When it comes to traditional techniques, none are as fascinating as block printing, an art form that has been practiced in India since the 12th century. Our designs are traced onto and then carved from wooden blocks, called “bunta.” When printing, large pieces of fabric are fixed to a tabletop. The carved blocks are then dipped into colorful dyes, stamped on the fabric, and the process continues for the entire sheet of fabric, forming an intricate pattern. Block prints can be simple or can involve many layers of printing for each color. A special part of block printed fabrics is their occasional small imperfections – very much a part of the handmade process.
Though certainly popularized in recent years in the U.S., screen printing has been in India for centuries. While some of the cooperatives do their own screen printing, others use local producers, and they all practice the same general technique – a screen is burned with a design, fabric is pinned down to a tabletop, ink is pushed through the screen with a squeegee to transfer the design onto the fabric, and the fabric is left outside to dry. Often the process takes two people, one who handles the printing and one who assists in moving the screen and placing it in the appropriate place. Screen printed fabric, just like block printed, can sometimes contain small mistakes or stray spots, making each garment truly one of a kind.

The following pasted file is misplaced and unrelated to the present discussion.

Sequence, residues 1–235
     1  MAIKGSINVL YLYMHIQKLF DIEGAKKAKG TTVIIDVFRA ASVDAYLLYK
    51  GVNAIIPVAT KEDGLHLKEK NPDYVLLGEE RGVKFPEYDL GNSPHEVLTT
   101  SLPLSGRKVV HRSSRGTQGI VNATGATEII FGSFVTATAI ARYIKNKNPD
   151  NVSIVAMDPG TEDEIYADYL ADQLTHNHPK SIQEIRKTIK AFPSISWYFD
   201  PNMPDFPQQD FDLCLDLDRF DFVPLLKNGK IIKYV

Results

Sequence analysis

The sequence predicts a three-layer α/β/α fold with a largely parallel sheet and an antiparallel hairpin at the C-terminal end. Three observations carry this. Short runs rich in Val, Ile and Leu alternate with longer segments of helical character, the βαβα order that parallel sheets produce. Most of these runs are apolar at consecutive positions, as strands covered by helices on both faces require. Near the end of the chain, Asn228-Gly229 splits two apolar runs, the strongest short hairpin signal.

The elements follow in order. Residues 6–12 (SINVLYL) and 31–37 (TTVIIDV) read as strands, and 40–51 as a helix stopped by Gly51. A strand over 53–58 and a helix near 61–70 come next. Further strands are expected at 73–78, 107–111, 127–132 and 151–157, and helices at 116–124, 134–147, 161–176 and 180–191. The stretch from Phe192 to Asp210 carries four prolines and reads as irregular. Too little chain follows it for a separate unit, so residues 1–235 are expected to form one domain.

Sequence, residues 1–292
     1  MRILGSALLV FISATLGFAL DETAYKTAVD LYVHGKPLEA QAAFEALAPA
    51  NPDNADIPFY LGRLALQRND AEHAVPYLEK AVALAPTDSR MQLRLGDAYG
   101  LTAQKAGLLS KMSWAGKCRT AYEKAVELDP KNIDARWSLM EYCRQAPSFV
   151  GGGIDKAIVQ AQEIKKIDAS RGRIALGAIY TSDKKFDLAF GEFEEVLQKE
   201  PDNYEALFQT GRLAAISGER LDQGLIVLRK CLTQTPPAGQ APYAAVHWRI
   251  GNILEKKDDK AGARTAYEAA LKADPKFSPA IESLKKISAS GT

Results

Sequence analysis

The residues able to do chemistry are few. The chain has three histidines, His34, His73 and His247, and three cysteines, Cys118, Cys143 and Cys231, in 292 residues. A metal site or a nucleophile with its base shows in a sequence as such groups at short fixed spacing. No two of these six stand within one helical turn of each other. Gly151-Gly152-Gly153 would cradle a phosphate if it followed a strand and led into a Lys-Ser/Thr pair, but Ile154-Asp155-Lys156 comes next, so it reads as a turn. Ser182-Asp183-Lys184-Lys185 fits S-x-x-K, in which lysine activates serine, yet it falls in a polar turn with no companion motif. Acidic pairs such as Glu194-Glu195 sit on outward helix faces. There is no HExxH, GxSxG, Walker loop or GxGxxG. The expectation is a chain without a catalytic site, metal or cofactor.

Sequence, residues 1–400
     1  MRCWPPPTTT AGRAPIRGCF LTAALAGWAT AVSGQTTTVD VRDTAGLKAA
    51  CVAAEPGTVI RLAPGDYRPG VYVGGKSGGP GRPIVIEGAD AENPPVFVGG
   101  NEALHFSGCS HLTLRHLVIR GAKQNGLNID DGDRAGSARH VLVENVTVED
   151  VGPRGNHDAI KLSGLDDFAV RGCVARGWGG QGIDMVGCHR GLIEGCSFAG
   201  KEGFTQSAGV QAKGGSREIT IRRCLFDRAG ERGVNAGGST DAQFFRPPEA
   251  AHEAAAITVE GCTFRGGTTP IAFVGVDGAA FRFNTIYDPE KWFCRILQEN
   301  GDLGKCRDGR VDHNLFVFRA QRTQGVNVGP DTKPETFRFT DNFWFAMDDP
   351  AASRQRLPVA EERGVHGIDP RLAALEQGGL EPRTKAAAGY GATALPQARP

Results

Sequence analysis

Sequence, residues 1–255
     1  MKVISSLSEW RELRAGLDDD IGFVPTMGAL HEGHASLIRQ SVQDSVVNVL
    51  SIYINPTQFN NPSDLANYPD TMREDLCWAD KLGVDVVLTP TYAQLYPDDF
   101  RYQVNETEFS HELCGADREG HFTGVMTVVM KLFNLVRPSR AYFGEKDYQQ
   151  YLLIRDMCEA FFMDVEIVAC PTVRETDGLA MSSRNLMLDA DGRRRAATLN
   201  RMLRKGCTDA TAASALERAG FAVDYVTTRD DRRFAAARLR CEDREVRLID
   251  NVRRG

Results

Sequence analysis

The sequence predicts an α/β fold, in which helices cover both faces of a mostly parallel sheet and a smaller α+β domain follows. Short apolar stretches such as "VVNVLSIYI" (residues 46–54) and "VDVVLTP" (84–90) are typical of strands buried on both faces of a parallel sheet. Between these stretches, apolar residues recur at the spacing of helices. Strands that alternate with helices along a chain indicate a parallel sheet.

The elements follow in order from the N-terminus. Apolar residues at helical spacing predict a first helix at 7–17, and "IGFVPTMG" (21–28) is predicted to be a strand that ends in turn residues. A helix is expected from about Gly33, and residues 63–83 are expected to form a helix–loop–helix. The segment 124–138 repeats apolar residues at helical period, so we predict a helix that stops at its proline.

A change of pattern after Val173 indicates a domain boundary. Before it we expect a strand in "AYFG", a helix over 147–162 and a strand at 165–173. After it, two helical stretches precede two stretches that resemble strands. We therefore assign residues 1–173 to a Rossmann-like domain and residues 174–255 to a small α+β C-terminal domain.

If you’ve ever looked at the embroidery on our dresses, you know the level of attention and detail that goes into each garment. Any pieces with embroidery come from our most traditional artisan group – the women can embroider from their homes and even get together in sewing circles within their communities! Without many possibilities for employment in their small villages, and often with children at home, this is a great opportunity for the women to earn an income and support their families.
In India, jewelry making has long been a part of the unregulated craft sector, and unfortunately, is notorious for the use of child labor and unfair labor practices. By partnering with a fair trade producer group, we can ensure that no children are involved in the making of our jewelry and that the artisans are paid upfront and fairly. To learn more about the benefits of fair trade jewelry, read this post.
We use a variety of techniques and materials to create our jewelry collections. The metal in our jewelry is brass – if it appears to be silver or gold, it’s been electroplated. The shapes are either die-cut or casted with a mold, and wood and bone components are mostly cut by hand. Once all the components have been formed, they’re assembled by hand into necklaces, earrings, bracelets, and rings.